The readings for today’s Mass were:
Reading 1 rv 3:1-6, 14-22
“To the angel of the Church in Sardis, write this:“‘The one who has the seven spirits of God
and the seven stars says this: “I know your works,
that you have the reputation of being alive, but you are dead.
Be watchful and strengthen what is left, which is going to die,
for I have not found your works complete in the sight of my God.
Remember then how you accepted and heard; keep it, and repent.
If you are not watchful, I will come like a thief,
and you will never know at what hour I will come upon you.
However, you have a few people in Sardis
who have not soiled their garments;
they will walk with me dressed in white,
because they are worthy.“‘The victor will thus be dressed in white,
and I will never erase his name from the book of life
but will acknowledge his name in the presence of my Father
and of his angels.
“‘Whoever has ears ought to hear what the Spirit says to the churches.’”
“To the angel of the Church in Laodicea, write this:
“‘The Amen, the faithful and true witness,
the source of God’s creation, says this:
“I know your works;
I know that you are neither cold nor hot.
I wish you were either cold or hot.
So, because you are lukewarm, neither hot nor cold,
I will spit you out of my mouth.
For you say, ‘I am rich and affluent and have no need of anything,’
and yet do not realize that you are wretched,
pitiable, poor, blind, and naked.
I advise you to buy from me gold refined by fire so that you may be rich,
and white garments to put on
so that your shameful nakedness may not be exposed,
and buy ointment to smear on your eyes so that you may see.
Those whom I love, I reprove and chastise.
Be earnest, therefore, and repent.
“‘Behold, I stand at the door and knock.
If anyone hears my voice and opens the door,
then I will enter his house and dine with him,
and he with me.
I will give the victor the right to sit with me on my throne,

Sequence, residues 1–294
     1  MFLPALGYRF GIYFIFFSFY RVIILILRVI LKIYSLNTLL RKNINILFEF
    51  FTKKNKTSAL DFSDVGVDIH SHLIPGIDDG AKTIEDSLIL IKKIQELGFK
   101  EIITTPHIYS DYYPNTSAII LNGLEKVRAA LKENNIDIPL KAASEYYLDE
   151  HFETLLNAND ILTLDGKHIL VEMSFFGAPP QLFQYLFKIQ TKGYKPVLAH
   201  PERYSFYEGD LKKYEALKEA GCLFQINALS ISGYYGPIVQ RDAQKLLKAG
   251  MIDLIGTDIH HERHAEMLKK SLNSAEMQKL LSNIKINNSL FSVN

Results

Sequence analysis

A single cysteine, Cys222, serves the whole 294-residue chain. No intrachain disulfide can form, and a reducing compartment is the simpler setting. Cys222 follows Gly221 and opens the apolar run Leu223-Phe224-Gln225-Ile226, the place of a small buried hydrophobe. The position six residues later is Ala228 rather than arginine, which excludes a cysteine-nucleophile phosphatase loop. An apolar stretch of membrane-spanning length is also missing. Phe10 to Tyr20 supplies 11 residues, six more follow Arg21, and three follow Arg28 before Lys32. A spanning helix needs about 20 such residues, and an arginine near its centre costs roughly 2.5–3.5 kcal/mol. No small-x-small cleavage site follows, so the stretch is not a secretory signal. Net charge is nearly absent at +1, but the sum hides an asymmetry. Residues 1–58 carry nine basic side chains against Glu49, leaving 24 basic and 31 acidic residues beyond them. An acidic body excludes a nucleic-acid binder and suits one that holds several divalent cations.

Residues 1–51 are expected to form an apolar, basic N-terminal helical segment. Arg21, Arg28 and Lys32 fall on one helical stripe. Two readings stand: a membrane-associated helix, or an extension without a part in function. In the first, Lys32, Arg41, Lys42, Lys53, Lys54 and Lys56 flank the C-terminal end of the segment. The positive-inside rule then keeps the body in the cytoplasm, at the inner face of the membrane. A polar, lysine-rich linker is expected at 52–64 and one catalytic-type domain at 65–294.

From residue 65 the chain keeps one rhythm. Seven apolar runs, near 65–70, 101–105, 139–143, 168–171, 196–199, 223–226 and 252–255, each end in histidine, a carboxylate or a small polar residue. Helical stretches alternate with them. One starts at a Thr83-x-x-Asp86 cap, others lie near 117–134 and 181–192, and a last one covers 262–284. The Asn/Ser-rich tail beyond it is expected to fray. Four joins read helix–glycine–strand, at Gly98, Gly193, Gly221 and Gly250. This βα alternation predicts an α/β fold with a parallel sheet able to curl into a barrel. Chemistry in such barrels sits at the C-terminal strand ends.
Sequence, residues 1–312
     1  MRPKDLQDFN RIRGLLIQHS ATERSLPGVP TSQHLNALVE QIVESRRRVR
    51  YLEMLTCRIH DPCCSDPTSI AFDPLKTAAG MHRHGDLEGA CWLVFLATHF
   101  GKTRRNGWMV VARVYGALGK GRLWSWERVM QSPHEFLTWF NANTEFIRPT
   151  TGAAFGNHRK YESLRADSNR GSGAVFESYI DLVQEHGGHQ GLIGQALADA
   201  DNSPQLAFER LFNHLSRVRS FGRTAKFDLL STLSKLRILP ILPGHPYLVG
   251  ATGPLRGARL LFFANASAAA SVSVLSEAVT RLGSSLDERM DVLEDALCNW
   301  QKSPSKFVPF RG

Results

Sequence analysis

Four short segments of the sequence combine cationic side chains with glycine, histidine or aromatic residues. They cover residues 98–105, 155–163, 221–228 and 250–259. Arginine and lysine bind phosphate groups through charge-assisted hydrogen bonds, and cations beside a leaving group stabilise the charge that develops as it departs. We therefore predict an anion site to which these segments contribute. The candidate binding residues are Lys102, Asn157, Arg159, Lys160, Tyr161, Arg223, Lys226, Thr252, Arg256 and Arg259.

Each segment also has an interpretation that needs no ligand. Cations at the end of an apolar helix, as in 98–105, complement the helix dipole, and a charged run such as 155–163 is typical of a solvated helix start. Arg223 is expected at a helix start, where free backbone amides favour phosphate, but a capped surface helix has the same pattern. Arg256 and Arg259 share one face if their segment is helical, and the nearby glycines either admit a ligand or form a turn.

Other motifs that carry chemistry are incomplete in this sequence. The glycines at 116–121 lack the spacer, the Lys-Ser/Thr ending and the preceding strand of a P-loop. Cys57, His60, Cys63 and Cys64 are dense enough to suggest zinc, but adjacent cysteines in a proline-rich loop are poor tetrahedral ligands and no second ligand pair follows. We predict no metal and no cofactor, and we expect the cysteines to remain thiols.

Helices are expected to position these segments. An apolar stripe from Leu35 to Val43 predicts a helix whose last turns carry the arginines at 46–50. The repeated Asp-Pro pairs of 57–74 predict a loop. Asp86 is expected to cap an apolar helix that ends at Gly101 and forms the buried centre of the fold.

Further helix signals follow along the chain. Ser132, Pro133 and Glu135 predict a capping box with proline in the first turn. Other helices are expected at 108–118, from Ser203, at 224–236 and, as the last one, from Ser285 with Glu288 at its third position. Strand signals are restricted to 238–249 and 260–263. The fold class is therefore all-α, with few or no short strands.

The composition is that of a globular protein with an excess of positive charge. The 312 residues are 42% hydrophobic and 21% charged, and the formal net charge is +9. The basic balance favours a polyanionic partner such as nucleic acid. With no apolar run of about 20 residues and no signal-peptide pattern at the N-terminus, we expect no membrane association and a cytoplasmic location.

as I myself first won the victory
and sit with my Father on his throne.
“‘Whoever has ears ought to hear
what the Spirit says to the churches.’”
Responsorial Psalm ps 15:2-3a, 3bc-4ab, 5
He who walks blamelessly and does justice;
who thinks the truth in his heart
and slanders not with his tongue.
R. I will seat the victor beside me on my throne.
Who harms not his fellow man,
nor takes up a reproach against his neighbor;
By whom the reprobate is despised,
while he honors those who fear the LORD.
R. I will seat the victor beside me on my throne.
Who lends not his money at usury
and accepts no bribe against the innocent.
He who does these things
shall never be disturbed.
R. I will seat the victor beside me on my throne.
Gospel lk 19:1-10
Now a man there named Zacchaeus,
who was a chief tax collector and also a wealthy man,
was seeking to see who Jesus was;
but he could not see him because of the crowd,
for he was short in stature.
So he ran ahead and climbed a sycamore tree in order to see Jesus,
who was about to pass that way.
When he reached the place, Jesus looked up and said,
“Zacchaeus, come down quickly,
for today I must stay at your house.”
And he came down quickly and received him with joy.
When they saw this, they began to grumble, saying,
“He has gone to stay at the house of a sinner.”
But Zacchaeus stood there and said to the Lord,
“Behold, half of my possessions, Lord, I shall give to the poor,
and if I have extorted anything from anyone
I shall repay it four times over.”
And Jesus said to him,
“Today salvation has come to this house
because this man too is a descendant of Abraham.
For the Son of Man has come to seek
and to save what was lost.”